After returning from a recent trip to Florida, Chris McIntyre likened driving his car to life in a fishbowl. "The wind is not in your face, the sun is not on your arms, you don't hear any sounds or smell any smells," he said.
And that's a bad thing?
Only if you would rather be on a motorcycle, which McIntyre would. He's president of EagleRider, a 10-year-old motorcycle rental and tour company that rents Harley Davidsons and arranges group trips.
"A motorcycle trip can be a very solitary thing," says Frank Covucci, director of travel and tours for the Ohio-based American Motorcyclist Assn., which has more than a quarter-million members and also offers tours. "If you've done that enough times, it's nice to have someone to talk to, to share war stories, to have dinner with."
The amount of structure varies with the tour. Beach's Motorcycle Adventures tends to give its participants more freedom, says Rob Beach, the president. "We don't ride down the road as a big group," he says. "While it is a 'tour,' each individual tour member has the freedom to do as he or she pleases every day. "
But some bikers like to depend on a tour for the details, such as accommodations, meals (or at least restaurant recommendations), information on the best roads and sights, and, sometimes, transportation (bike rental may or may not be included) -- many of the same reasons that one joins any tour group but with an important exception: "You are part of the scenery," Covucci says.
And unlike a bus tour, motorcycling trips require skills. "No motorcycle trip should be for a beginner," says Diane Fitzgerald, who, with her husband, Burt Richmond, operates Lotus Tours, a Chicago company that also offers trips to out-of-the-ordinary destinations, such as Morocco and India. "We need people to have thousands of miles of experience."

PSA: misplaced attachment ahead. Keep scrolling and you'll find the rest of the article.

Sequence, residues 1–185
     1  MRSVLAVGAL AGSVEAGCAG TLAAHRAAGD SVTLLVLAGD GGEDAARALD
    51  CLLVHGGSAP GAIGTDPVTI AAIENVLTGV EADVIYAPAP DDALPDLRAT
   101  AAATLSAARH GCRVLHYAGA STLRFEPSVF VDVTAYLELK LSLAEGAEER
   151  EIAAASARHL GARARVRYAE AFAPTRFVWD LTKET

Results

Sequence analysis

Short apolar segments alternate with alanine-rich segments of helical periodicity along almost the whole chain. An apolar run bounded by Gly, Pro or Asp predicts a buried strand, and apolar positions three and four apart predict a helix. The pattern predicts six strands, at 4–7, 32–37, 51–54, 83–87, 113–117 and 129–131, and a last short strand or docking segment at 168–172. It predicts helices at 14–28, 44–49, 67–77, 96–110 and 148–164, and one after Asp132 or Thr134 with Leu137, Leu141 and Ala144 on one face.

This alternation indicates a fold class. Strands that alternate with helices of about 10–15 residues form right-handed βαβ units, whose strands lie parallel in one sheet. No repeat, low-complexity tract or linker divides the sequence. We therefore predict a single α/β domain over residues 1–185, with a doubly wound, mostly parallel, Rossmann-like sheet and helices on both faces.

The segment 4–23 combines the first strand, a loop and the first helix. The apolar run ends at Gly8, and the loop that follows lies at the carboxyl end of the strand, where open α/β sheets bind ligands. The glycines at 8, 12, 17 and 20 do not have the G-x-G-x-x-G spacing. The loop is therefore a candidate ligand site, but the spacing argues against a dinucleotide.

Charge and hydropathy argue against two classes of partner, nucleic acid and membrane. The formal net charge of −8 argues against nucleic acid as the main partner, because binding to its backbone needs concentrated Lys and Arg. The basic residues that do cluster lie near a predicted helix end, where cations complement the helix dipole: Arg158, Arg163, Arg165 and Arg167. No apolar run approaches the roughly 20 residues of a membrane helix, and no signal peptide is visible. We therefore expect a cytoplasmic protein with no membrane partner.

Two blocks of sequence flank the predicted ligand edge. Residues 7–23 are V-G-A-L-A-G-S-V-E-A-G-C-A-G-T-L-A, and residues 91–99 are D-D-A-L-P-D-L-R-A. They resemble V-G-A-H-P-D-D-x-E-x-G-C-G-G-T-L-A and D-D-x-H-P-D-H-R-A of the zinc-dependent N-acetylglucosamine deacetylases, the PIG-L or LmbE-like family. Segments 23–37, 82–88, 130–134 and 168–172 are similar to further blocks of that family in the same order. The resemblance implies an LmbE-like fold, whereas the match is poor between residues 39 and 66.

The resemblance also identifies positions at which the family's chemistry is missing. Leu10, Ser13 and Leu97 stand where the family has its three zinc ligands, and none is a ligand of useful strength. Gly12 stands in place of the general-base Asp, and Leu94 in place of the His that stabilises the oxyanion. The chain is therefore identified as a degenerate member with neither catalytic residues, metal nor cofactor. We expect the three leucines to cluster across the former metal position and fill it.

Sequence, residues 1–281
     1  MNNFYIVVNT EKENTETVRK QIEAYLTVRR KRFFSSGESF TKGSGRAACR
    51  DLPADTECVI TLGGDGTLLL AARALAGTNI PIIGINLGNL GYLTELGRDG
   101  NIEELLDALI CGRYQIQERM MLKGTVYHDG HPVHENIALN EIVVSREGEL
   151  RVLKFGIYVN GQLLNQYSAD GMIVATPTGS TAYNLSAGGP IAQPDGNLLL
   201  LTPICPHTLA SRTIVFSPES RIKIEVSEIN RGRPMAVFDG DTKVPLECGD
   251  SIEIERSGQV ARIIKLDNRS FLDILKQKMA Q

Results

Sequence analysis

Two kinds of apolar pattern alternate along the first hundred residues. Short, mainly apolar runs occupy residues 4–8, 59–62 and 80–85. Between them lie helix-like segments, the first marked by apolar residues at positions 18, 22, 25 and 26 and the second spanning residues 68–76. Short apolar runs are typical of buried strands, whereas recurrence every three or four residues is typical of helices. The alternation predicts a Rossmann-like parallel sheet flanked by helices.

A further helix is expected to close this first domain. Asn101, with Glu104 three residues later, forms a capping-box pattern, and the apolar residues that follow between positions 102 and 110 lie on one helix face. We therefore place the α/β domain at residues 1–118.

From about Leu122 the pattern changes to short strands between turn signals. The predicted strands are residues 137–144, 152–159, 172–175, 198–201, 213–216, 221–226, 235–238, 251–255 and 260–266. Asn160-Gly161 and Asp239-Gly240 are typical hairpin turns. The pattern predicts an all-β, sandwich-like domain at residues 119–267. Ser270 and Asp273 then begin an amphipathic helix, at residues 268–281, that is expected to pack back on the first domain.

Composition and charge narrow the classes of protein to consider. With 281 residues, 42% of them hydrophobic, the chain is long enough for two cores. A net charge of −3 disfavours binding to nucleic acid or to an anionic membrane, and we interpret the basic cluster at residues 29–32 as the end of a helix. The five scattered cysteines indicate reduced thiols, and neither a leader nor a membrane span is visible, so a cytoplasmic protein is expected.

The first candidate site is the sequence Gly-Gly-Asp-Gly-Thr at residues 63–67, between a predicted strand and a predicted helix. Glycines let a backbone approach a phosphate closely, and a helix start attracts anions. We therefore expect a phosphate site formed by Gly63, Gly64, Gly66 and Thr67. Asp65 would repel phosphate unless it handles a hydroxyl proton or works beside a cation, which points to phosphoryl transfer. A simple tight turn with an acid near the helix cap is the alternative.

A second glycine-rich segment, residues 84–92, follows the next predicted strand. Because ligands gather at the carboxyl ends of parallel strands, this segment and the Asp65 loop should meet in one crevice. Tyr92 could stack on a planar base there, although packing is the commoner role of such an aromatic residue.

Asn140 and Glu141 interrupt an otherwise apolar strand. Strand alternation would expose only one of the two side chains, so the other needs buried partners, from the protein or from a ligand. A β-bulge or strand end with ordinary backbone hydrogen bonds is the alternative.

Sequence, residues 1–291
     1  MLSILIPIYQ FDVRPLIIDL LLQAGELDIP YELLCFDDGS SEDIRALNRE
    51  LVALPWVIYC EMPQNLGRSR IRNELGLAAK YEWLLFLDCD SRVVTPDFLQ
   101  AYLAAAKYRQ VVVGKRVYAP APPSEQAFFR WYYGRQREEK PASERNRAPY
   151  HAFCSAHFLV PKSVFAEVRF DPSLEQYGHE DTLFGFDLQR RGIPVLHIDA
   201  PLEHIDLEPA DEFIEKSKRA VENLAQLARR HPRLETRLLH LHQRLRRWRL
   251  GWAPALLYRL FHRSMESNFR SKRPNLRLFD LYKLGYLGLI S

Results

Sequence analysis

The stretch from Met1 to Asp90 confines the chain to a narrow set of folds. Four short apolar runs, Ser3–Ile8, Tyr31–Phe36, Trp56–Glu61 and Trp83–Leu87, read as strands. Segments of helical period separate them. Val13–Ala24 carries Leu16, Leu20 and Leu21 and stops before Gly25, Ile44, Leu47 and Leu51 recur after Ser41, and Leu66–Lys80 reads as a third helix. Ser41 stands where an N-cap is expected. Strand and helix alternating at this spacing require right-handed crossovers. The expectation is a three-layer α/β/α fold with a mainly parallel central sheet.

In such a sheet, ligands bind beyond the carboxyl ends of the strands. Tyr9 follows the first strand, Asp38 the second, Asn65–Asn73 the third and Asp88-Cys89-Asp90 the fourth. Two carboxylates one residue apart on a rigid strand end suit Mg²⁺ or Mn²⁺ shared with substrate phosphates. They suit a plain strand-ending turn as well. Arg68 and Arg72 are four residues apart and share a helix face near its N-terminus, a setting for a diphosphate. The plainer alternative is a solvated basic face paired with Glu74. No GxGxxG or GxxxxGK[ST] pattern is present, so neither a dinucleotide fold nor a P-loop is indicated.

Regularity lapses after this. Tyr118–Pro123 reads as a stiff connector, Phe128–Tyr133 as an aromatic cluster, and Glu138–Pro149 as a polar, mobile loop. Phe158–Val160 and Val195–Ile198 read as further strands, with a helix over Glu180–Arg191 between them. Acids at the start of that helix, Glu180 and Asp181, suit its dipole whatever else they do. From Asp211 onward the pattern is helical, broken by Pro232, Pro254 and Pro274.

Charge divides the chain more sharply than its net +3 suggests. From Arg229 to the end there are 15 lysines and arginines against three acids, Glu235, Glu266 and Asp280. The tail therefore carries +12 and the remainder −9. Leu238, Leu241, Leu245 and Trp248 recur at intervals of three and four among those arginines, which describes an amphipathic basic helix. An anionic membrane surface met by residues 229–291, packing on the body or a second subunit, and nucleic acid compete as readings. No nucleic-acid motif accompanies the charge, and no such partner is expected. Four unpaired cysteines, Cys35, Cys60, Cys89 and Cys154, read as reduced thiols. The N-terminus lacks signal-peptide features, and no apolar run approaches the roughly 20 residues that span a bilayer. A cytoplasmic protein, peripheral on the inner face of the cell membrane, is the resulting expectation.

Whether to the Middle East or the Midwest, motorcycle trips are not for the faint of heart. Some of the terrain and conditions can be challenging: the Alps with its twisting roads; the British Isles, where driving is on the opposite side of the highway; or anyplace where it rains, for which tours rarely stop unless it's a deluge.
They are also not for the faint of wallet. Tours can run more than $225 a day without motorcycle rental and as much as $300 a day with. Air fare to the destination often may be extra. Motorcycling gear and bike rental may not be included.
Here are some important things to remember when choosing a group:
Ask friends for recommendations.
Check to see how long the company has been in business. Stability counts.
Ask the company for references.
Go with a group that explains precisely what is included in the trips and the prices.
Find out how experienced the tour leaders are.
Choose a trip that suits your skills and reflects your level of independence.
Among companies offering tours:
American Motorcyclist Assn.: (800) AMA-JOIN (262-5646) or (614) 856-1900, http://www.ama-cycle.org. You do not have to be a member to take a tour. This year's tour destinations: the U.S., Britain, Canada, New Zealand, South Africa and Alpine Europe.
Beach's Motorcycle Adventures: (716) 773-4960, http://www.beachs-mca.com. Europe, Italy, New Zealand, Norway and Southern California.
EagleRider: (888) 900-9901 or (310) 536-6777, http://www.eaglerider.com. Offers tours and rents motorcycles by the day at 30 locations around the world. U.S. and Mexico guided tours.
Edelweiss Bike Travel: (800) 507-4459 or (760) 249-5825, http://edelweissbike.com. Americas, Europe, Middle East, Africa, Australia and New Zealand.
Lotus Tours: (312) 951-0031, http://www.lotustours.com. India, Turkey and China, the Americas, Europe, Australia and New Zealand.
Web sites that will point you to motorcycle tours: http://www.bikersplanet.net/tours.shtml, http://www.moto-directory.com/touring.htm.Copyright © 2014, Los Angeles Times